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One of the world's greatest galleries of arts and antiques

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Ancient Rome & Greek Objects
Glass & Sculpture
New Courtyard Development
Sculpture Promenade
Silver & Textiles
The arts and antiques of the prestigious University of Cambridge are displayed in style in the Fitzwilliam Museum. Its impressive pillared front is a wonderful work of architecture in itself, but inside there are so many more masterpieces and antiquities to enjoy.

The fabulous museum building
Photo © Andrew Dunn (CC)

The grand entrance to the museum
In the Fitzwilliam Museum you will find items from all over the world, dating back literally thousands of years. There are five sections of the museum. These are; Antiquities, Applied Arts, Coins and Medals, Manuscripts and Printed Books, and Paintings, Drawings and Prints.
The founding collection of art from the 7th Viscount Fitzwilliam is where it all began, in 1816. He was an avid collector, who in his will also left 100,000 pounds towards the building of a museum to house all his pieces in. Now the museum has so much more added to its collections. Many of the pieces are on loan from different colleges of the University, just showing the wealth of art and ancient precious items Cambridge holds within its boundaries.

Lansdowne Antinous, Marble, Roman Imperial artwork, ca. 130-140 AD
Source WikiMedia (PD)
Particularly notable, are the Egyptian Galleries. These underwent a 1.5 million pound refurbishment and reopened in 2006. They house some mysterious and fascinating antiques, which are also the subject of research as well as enjoyment by the public. There are also masterpiece works of art by Rubens, Renoir, Rembrandt and Picasso. These are not to mention the 4 paintings by Claude Monet, the 8 by Thomas Gainsborough and the 5 by Anthony Van Dyck.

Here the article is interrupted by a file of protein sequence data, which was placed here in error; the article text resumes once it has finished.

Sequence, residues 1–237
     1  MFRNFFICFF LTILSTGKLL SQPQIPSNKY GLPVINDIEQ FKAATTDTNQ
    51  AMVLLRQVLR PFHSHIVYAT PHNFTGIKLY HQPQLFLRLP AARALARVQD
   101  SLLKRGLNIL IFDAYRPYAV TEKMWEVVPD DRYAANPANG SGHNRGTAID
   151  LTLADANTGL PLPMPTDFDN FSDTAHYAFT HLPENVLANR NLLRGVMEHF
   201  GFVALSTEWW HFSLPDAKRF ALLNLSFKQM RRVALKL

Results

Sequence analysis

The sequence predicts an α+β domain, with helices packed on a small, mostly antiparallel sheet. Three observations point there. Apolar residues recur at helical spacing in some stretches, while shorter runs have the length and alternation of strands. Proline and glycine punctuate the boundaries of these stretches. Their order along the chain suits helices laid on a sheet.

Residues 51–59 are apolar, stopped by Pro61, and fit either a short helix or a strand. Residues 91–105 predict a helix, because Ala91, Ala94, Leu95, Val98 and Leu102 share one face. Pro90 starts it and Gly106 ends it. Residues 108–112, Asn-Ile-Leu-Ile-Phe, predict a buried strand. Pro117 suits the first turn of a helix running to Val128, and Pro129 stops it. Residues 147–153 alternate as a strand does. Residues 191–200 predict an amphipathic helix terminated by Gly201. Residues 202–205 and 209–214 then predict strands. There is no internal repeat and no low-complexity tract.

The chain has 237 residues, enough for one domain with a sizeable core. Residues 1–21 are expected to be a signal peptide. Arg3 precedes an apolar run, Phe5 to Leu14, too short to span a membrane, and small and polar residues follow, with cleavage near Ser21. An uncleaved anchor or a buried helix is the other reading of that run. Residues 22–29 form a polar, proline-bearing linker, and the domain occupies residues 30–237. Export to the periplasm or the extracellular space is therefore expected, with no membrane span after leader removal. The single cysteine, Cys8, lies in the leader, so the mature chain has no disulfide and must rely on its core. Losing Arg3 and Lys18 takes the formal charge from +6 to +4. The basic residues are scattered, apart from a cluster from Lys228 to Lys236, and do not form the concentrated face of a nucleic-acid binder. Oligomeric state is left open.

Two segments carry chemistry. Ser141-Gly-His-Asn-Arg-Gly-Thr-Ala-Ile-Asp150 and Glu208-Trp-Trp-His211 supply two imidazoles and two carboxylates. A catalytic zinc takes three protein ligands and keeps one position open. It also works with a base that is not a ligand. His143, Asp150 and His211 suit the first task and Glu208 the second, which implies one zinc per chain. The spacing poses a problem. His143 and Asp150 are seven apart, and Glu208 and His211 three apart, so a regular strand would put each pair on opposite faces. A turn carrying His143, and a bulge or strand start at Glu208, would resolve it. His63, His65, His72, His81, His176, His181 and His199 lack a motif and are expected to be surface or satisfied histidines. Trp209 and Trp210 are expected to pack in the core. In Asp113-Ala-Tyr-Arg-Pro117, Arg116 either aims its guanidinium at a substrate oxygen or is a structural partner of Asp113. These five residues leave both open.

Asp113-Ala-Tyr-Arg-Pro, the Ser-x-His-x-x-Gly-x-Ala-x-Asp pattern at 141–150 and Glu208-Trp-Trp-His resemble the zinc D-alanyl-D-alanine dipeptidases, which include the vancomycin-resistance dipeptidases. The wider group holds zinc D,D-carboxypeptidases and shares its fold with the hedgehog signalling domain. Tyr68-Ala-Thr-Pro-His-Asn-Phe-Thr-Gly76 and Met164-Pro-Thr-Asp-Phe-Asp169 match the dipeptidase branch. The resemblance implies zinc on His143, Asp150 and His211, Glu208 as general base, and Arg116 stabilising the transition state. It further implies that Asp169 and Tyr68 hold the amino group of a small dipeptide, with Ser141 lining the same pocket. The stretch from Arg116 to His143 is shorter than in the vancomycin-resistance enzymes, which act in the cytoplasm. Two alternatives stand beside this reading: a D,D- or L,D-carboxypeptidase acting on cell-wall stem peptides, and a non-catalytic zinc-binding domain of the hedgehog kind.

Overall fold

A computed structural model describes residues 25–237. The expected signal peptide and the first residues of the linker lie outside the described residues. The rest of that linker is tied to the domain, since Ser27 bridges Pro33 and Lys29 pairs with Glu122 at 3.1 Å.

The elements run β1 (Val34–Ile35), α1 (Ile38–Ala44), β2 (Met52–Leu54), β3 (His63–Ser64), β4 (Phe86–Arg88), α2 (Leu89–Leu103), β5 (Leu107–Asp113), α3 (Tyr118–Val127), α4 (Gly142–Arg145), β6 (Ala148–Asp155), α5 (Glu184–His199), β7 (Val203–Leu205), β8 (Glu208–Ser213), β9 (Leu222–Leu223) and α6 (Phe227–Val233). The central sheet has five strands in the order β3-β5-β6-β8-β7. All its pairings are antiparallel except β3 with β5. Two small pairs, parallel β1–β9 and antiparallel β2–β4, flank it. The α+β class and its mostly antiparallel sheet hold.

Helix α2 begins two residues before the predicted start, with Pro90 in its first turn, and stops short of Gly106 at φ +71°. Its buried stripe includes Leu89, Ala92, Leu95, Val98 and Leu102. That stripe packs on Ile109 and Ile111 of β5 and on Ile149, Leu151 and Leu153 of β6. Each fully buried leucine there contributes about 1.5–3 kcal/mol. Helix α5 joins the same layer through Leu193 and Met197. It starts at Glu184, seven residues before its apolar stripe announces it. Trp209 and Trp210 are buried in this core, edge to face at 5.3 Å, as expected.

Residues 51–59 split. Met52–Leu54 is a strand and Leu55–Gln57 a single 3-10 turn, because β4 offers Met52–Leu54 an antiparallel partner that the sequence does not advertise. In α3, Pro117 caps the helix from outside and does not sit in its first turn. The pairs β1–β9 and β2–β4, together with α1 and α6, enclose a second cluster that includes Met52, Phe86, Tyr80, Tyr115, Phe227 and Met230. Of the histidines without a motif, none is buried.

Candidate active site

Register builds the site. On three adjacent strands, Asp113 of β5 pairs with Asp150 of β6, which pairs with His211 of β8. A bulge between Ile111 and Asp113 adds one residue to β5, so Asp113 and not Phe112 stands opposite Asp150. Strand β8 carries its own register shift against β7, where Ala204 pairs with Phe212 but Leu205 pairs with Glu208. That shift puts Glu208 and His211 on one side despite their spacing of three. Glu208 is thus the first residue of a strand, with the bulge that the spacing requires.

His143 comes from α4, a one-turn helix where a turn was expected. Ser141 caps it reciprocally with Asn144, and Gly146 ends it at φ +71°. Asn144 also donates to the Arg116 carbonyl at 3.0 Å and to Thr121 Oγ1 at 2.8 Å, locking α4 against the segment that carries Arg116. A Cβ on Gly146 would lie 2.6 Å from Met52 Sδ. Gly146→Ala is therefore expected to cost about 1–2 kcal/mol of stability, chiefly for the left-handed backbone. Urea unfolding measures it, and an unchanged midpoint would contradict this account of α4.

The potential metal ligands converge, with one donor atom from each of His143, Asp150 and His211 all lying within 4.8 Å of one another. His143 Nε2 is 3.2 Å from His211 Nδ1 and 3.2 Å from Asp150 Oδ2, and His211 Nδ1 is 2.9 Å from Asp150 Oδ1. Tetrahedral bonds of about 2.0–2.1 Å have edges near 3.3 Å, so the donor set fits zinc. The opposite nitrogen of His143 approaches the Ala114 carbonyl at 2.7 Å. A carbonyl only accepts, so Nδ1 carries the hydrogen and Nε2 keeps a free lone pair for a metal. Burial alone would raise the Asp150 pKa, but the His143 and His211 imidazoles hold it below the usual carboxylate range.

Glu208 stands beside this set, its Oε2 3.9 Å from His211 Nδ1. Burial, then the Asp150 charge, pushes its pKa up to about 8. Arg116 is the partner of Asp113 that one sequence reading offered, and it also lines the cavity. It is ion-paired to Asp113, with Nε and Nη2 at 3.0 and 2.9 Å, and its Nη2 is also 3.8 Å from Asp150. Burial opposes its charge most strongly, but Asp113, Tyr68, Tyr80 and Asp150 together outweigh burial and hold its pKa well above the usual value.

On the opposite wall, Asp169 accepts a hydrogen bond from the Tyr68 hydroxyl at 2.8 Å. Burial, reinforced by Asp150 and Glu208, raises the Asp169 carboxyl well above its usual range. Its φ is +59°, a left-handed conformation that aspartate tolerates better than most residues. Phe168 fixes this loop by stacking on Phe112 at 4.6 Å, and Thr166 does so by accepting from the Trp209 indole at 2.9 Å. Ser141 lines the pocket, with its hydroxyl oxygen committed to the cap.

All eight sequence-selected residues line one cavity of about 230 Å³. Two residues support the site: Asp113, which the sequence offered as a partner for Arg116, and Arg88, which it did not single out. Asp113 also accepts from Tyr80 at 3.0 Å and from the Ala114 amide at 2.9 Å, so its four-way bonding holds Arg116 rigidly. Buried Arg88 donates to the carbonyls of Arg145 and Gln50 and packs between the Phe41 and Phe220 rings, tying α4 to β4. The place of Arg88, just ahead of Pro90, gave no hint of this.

Did You Know?

The museum has many temporary exhibitions, including a Sculpture Promenade containing contemporary and modern pieces on the lawns of the Fitzwilliam. The expansive lawns and historic façade of the Museum provide a striking backdrop for the display of contemporary art, and many are conceived and fashioned in ways that respond to changes in light, weather and the seasons; here the effects of exposure to the elements are welcomed as part of the works’ dynamic and evolving character. Visitors are invited to walk amongst the sculptures and interact with them, touching is permitted!

The Sculpture Promenade
One of the museum’s paintings, a version of The Last of England, by Ford Madox Brown, was voted the 8th greatest painting in Britain in 2004. The Manuscripts and Printed Books department contains the world’s largest collection of Elizabethan music manuscripts. These date back to the 16th Century, written by some of the best composers of the time.

The Last of England by Ford Madox Brown (1855) depicting two emigrees leaving England to start a new life abroad
Source WikiMedia (PD)

Did You Know?

A legend says that on the stroke of midnight, the two stone lions outside the museum come to life and enjoy a drink of water from a nearby gutter!
You will also find medals and clocks, armour and rare printed books, oriental rugs and pottery, all of which are incredibly valuable. In fact, three rare vases, which had been in the museum since 1948, received severe damage in January 2006 from a visitor named Nick Flynn. Mr. Flynn was arrested shortly after the incident, but the charges were later dropped after it transpired that he had tripped over his shoelaces and fallen down a stairway into them - mind how you go!!
Visitor Information
The museum is open Tuesday to Saturday 10am to 5pm (Sunday 12noon to 5pm). Entrance is FREE. Tel: 01223 332 900

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